In the Global War on Terror, the people are represented by two separate yet equally important groups. The CIA, who investigate terrorists, and Navy SEALs, who shoot them in the face. These are their stories.
A few weeks ago, we here at Overthinking It did our podcast about the Oscar-nominated Zero Dark Thirty. Pete Fenzel and I were clearly in disagreement over the relative merits of the film. I enjoyed it (with some reservations), while he clearly had serious issues with the way it portrayed American power and the use of torture specifically. I struggled a bit to explain exactly what I liked and didn’t like about the film. I couldn’t quite put my finger on the “Why” of a project like Zero Dark Thirty: why this movie in this way.
I started with a rejection of the theory that Zero Dark Thirty is just a straightforward retelling of the hunt for Osama bin Laden. The movie opens with a 25-minute sequence centered around the brutal interrogation of a detainee. Even aside from the political controversy they created, these scenes color the entire artistic project. The entire movie is not about torture, but it’s hard to shake those images. That said, torture had ultimately very little to do with the actual success or failure of the hunt for bin Laden. As the movie itself admits, the crucial piece of intelligence came from tricking the detainee, not (directly) from torture. A film that strove to just “tell the story” would have no need for long, lingering shots of a detainee being waterboarded.
I also rejected the theory that the movie can be described in more general terms as a “war on terror” story that aims to capture the post 9/11 “experience” as a whole. While that would explain the inclusion of the torture scenes, it doesn’t explain the exclusion of a crucial chapter in the history of the War on Terror – the invasion of Iraq. For better or worse, you can not understand the American response to 9/11 without talking about the invasion of Iraq in 2003. Massive resources (of both blood and treasure) were pulled off the hunt for Al-Qaeda in Afghanistan and poured into the invasion and occupation of Iraq. Zero Dark Thirty, on the other hand, essentially ignores this – the war is mentioned only briefly and in passing.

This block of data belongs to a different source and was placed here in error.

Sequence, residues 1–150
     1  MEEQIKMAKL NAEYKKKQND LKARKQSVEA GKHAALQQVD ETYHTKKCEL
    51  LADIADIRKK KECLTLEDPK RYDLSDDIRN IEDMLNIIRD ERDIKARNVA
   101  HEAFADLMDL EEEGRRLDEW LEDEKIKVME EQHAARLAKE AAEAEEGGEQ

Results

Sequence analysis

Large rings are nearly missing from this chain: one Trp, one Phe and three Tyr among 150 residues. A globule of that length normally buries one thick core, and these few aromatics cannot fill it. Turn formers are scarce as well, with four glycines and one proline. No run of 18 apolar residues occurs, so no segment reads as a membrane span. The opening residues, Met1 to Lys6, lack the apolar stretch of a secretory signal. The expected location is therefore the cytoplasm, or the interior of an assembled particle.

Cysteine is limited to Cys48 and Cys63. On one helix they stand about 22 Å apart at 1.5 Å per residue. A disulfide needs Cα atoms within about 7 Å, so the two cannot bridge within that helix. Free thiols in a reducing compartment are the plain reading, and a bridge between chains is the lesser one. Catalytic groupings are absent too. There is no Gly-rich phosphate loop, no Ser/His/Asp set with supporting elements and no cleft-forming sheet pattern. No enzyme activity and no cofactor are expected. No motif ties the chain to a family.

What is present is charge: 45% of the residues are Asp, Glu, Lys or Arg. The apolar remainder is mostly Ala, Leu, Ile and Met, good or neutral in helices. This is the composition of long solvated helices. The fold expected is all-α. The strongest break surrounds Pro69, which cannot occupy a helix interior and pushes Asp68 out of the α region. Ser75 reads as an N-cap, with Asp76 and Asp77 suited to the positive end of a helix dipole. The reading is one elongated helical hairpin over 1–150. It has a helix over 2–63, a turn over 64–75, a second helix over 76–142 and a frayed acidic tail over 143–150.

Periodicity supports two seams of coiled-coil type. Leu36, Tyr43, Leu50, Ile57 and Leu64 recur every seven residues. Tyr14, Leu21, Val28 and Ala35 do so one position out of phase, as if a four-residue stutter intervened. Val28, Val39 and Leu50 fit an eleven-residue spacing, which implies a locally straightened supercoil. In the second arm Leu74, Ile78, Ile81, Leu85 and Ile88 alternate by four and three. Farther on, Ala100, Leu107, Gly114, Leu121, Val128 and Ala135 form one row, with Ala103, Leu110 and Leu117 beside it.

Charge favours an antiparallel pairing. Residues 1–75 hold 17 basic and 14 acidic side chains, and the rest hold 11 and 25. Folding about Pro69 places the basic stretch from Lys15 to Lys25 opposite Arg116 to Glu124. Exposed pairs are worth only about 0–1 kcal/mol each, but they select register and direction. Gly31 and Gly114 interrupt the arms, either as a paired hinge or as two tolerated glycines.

So I started thinking about one thing that stood out to me in the final act of the movie. The last act of Zero Dark Thirty is a 40-minute portrayal of the raid on Osama bin Laden’s compound in Pakistan. The raid is masterfully directed and staged – despite knowing what’s going to happen, it has you on the edge of your seat. I’d compare it to Apollo 13 in that regard – I have seen that movie dozens of times, but still get a bit nervous that this time the parachutes won’t open upon reentry.
That said, the film spends a seemingly inordinate amount of time on a rather mundane task: opening doors. Blowing up or knocking down doors, (“breaching”), takes up a huge amount of screen time. It stuck out to me in part because of my personal experience – I am by no measure whatsoever a Navy SEAL, but have some limited training in the breaching tactics associated with boarding ships. So when the SEALs yell “Breacher!” my ears perked up a bit. (Though they would not have yelled anything in the actual raid – hand signals would suffice).
Aside from that, it’s still remarkable how much time is spent on such a mundane task. At several points in the film, the entire raid is held up while the SEALs figure out the best way to knock down a door. This is of course entirely realistic, but interesting nonetheless. In most action movies, opening doors is taken for granted – even in the rare instance that a door is locked, our hero can just kick really hard and down it goes.
I could only think of one other genre of entertainment where the opening of a door is so important to the story telling – video games. In the Zelda games, for instance, the “boss door” is frequently right there at the beginning of the dungeon. You know where to go and you frequently even know what you’re going to find when you get there. You just don’t know how to open the damned door. I was reminded of Josh McNeil’s article about the “Well Made Video Game Plot” and his categorization of stories into “Whodunnit”, “Whydunnit” and “Whendunnit”.